Claire’s College Lesbianage: Thirteen Miles From Boston

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Hello and welcome to another edition of Autostraddle’s College Lesbianage: a glimpse of college life through the wide eyes of six freshly fallen snowflake first-year queers. This month’s update will be given individually! Today we’ve got Wellesley’s Claire with some thoughts on “queer privilege.”

I don’t know how to write about Wellesley right now without writing about the Boston Marathon. Wellesley is not known for our devotion to sports, but the marathon is very, very special to us. As much as Wellesley is tied to the marathon, though, Boston isn’t tied to us. Boston is Wellesley’s Best Friend Forever, but Boston is a little bit more lukewarm about Wellesley. We’re just one of many suburbs, 13 miles down the line, safely tucked away in our liberal arts college bubble. Except that almost all of us that had friends running, friends in town cheering, friends on their way to meet other friends at the finish line, relatives and lovers and more friends living in places that were in some way affected by the violence that occurred during the week of the Boston Marathon.


“We are safe.” It was our mantra from Monday to Saturday. Every Facebook update, every phone call with a frantic friend or family member, we repeated, “We are safe.”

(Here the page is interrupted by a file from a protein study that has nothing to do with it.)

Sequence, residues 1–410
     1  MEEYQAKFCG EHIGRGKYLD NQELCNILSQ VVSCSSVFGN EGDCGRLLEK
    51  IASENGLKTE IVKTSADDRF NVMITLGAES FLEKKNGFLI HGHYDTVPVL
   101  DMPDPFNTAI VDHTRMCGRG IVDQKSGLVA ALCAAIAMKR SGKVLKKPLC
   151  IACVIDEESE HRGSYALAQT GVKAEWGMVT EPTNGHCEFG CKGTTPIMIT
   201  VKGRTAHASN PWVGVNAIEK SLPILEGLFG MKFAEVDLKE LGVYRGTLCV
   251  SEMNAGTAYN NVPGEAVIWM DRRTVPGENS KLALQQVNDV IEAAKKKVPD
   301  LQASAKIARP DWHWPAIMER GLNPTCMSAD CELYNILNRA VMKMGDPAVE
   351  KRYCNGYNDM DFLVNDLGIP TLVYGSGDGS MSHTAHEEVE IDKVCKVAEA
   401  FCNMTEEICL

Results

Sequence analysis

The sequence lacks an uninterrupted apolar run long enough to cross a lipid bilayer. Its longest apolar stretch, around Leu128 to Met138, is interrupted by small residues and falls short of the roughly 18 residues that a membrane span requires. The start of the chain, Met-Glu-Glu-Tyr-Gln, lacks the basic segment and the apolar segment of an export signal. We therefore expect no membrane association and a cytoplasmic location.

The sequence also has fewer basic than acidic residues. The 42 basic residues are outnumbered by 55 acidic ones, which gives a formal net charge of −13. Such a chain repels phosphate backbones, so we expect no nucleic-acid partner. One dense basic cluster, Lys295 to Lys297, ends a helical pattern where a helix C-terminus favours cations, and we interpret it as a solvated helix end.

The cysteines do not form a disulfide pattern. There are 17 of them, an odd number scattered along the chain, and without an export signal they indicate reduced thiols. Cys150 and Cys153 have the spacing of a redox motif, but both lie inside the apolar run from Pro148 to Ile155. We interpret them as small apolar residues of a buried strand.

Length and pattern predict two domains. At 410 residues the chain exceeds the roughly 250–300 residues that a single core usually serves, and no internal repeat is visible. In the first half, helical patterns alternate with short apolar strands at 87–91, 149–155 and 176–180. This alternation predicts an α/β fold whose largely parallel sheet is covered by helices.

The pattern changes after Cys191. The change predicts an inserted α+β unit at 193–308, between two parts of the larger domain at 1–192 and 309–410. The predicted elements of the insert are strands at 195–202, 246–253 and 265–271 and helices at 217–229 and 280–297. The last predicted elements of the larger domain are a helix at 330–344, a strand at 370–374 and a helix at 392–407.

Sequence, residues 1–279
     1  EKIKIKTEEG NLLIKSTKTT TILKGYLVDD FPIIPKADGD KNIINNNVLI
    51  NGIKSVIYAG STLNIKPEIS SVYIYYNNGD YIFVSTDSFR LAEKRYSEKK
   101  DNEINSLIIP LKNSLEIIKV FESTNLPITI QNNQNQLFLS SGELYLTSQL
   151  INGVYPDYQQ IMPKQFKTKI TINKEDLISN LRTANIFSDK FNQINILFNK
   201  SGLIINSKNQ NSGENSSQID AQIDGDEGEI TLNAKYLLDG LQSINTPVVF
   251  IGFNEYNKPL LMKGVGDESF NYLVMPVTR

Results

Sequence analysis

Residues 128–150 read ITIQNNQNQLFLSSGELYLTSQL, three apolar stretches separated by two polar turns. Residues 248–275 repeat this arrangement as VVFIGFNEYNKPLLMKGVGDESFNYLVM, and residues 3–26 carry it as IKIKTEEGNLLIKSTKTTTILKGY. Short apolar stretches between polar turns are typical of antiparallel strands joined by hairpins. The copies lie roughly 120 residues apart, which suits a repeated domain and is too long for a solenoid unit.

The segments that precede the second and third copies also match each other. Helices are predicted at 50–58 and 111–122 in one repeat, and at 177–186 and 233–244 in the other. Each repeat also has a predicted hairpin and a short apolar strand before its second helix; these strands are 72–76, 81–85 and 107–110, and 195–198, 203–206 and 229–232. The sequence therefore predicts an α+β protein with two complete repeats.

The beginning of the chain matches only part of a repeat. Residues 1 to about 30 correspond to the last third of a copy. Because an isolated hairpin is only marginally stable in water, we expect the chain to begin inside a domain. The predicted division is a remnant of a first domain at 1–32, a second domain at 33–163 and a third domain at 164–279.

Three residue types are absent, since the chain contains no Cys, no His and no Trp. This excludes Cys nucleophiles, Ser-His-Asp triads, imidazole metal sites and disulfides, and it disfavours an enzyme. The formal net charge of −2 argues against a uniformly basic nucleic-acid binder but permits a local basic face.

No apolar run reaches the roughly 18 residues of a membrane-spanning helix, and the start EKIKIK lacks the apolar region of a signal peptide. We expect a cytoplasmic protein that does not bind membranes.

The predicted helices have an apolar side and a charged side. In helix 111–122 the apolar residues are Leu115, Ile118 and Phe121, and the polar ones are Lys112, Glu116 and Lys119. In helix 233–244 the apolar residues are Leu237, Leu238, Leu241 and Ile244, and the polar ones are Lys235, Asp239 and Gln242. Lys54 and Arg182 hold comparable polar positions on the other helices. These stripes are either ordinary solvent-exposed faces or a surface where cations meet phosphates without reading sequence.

“We are safe.” We are thirteen miles from the center of chaos, thirteen miles from tragedy. Thirteen miles: that’s huge to anyone on the East Coast, where the roads are cow paths traced with brick and getting from a suburb to the center of town takes at least an hour and careful planning. But for some of my family members, thirteen miles is the distance from them to their next-door neighbors. “We are safe.” We repeat this mantra on the phone sixteen times to different relatives. It becomes a litany. It becomes a line in a conversation we could have in our sleep, repeating our mantra, reassuring our family, and hearing their grief. Everyone feels the chaos; I don’t know of any other time I’ve heard my grandmother cry. We are exhausted, and have no emotions left to emote because we’ve been put through the wringer, but we squeeze five drops of empathy to comfort those half a continent away from tragedy. We are safe except that Boston is our lifeline, Boston is our best friend; Boston is our dot on the map.

Boston is in chaos, and “we are safe,” except that my girlfriend’s best friend is running the marathon and the pace she was setting when she passed us at the halfway point puts her in Copley at the worst possible moment. All I can do is hold my girlfriend and hope that her friend’s pace faltered. Her friend is safe: but it’s a few terrible hours before she’s back to campus.

“We are safe”, but the people who work at or commute to Wellesley are not, so the campus is shut down on Friday, leaving the rest of us to watch the news cycle like a washing machine, throwing theories like limp t-shirts around and around and around and around. The same five seconds of search footage flashes across the screen every two minutes and so we leave, we cuddle up in a different wing of a different dorm to watch G-rated movies and cry. We are safe but my friend is currently trying to get to a wedding in New York, and we’re not quite sure how we’re going to get her back to campus if she doesn’t make her flight out of this ghost town with all of the public transportation shut down.